The Metamorphosis Response Looking at pages 54-58 (the ending) comment on the effectiveness of how Kafka ends his story.

Essay by torontoIBstudentHigh School, 11th gradeA-, July 2005

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        Kafka's The Metamorphosis had a very effective ending because the final four pages, although seeming to be of no importance, serve to show the reader how the Sama family changes as a result of the main character's, Gregor Samsa's, death. Firstly, there is a common change among the family members: their new willingness to do things independently. Prior to Gregor's death, the family relied completely on Gregor's financial support and had little in terms of responsibilities. However, at the end of the book, we learn that each, Mr. Samsa, Mrs. Samsa and Grete take the initiative to write their employers, letters of excuses, and prove that they are no longer dependent on Gregor. Secondly, when Mr. Samsa announces that he will fire the cleaning lady, he demonstrates even more, that he has changed and can take responsibilities. Furthermore, Grete and Mrs. Samsa show that they changed by not contesting Mr.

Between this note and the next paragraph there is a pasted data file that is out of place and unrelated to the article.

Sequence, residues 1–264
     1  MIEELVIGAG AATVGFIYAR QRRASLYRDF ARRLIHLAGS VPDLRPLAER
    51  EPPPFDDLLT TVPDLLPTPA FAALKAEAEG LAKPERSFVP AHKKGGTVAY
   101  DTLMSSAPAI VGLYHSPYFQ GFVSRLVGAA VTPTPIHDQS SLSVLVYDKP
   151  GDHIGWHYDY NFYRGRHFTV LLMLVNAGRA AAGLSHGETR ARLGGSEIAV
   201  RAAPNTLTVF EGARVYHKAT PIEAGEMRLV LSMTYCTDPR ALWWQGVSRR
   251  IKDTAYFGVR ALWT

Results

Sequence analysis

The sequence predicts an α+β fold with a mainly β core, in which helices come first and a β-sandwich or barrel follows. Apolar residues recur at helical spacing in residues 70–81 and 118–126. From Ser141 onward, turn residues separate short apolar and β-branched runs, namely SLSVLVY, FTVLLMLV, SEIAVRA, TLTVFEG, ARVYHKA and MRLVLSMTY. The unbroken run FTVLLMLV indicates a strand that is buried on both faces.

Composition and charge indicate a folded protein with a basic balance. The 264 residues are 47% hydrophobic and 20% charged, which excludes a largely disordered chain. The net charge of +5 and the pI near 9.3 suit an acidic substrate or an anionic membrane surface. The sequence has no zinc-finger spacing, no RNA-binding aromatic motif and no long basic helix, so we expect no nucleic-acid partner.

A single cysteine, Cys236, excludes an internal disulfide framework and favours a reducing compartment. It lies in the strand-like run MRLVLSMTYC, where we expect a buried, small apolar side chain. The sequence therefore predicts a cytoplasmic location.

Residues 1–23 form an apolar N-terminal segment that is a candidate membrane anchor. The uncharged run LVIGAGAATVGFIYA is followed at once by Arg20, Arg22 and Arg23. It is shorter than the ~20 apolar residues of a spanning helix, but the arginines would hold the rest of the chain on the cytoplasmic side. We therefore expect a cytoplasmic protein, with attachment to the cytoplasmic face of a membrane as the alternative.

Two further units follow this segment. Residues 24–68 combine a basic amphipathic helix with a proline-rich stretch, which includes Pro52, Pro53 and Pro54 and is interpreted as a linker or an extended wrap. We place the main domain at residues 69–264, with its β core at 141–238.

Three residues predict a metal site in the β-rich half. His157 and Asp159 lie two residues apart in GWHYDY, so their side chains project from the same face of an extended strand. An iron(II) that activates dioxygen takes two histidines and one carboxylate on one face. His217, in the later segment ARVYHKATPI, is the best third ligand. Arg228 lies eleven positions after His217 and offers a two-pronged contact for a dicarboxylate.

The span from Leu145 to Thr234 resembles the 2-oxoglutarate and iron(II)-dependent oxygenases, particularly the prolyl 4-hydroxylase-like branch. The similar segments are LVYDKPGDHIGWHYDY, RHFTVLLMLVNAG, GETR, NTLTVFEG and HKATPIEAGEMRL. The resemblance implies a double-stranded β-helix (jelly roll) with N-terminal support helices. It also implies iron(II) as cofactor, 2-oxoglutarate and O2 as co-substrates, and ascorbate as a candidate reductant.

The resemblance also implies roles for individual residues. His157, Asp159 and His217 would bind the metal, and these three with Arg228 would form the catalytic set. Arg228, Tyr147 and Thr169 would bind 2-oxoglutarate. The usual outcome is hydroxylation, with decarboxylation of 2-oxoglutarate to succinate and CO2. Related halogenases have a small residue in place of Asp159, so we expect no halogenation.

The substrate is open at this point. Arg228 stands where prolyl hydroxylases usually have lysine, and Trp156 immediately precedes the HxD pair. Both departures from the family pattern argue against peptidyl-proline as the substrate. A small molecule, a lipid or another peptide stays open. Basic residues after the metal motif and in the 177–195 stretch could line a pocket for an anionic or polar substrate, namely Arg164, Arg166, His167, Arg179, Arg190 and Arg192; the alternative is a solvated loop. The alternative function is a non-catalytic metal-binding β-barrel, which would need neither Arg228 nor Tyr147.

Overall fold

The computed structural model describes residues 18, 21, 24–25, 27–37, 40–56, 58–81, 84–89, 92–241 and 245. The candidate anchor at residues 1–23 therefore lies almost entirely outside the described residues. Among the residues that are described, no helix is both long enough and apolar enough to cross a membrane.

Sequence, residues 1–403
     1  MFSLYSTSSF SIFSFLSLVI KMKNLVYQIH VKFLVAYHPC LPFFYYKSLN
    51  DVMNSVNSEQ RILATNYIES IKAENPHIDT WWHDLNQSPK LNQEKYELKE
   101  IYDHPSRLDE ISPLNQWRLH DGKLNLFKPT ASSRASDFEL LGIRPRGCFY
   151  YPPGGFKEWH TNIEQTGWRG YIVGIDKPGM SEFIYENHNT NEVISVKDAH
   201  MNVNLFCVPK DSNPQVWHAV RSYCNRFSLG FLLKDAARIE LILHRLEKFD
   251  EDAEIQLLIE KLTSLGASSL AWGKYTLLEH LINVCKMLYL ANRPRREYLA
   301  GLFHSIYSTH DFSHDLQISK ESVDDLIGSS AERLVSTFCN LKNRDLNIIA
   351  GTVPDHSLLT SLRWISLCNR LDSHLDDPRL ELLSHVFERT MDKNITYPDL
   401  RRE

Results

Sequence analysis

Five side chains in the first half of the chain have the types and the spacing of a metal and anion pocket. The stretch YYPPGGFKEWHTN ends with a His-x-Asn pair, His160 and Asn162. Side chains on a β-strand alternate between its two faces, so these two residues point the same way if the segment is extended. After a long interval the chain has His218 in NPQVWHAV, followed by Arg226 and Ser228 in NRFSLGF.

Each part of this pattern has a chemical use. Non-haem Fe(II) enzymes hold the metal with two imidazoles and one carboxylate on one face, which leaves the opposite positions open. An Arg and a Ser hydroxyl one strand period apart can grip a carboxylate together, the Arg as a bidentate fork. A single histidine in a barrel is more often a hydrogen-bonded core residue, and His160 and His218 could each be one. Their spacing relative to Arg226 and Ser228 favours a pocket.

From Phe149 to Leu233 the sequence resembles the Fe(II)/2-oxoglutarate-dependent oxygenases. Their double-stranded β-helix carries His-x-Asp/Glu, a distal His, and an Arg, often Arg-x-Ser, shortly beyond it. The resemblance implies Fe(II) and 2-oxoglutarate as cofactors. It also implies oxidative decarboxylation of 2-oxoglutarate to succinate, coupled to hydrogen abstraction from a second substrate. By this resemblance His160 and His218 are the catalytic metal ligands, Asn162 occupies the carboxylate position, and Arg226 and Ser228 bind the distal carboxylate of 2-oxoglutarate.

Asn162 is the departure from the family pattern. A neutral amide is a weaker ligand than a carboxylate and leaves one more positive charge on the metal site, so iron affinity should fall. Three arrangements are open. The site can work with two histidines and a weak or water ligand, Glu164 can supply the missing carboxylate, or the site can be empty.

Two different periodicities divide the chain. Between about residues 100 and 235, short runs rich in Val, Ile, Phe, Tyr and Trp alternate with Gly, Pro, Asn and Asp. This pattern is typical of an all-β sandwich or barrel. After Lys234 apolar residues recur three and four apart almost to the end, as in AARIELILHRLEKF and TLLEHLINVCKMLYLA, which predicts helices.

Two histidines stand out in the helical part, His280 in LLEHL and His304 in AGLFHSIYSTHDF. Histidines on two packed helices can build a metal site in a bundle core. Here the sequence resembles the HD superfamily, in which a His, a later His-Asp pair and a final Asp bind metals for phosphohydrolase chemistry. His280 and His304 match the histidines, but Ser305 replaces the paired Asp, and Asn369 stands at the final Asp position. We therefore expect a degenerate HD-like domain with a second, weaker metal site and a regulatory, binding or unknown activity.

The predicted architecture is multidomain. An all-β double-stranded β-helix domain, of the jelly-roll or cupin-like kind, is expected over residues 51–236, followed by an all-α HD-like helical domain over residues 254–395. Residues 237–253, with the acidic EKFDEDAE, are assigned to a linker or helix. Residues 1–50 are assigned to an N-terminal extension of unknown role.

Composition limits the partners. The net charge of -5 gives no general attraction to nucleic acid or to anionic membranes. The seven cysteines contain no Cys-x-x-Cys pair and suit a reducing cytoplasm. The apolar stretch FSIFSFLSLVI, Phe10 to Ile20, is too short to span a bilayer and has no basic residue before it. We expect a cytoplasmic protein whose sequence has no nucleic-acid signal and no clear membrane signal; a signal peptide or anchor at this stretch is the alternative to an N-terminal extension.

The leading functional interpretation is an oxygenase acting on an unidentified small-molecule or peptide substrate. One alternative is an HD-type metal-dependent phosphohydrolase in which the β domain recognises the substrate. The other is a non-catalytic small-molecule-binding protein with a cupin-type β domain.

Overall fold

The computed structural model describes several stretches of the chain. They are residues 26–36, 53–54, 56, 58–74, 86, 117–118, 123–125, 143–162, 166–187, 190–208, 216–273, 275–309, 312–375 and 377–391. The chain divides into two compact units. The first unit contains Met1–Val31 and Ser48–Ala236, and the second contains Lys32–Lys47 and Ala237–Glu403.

Samsa's decision to fire the cleaning lady. In retrospect, firing the cleaning lady is an additional step towards change from the past. All in all, the last four pages of Kafka's novel, which are a very part of the story, demonstrate the change from being completely depending on Gregor and the mental and physical changes made by Grete, all of which were provoke by Gregor's death. In conclusion, the end of the novel, perhaps, is instead, a beginning to a new metamorphosis, which the rest of the family, as a whole, experiences.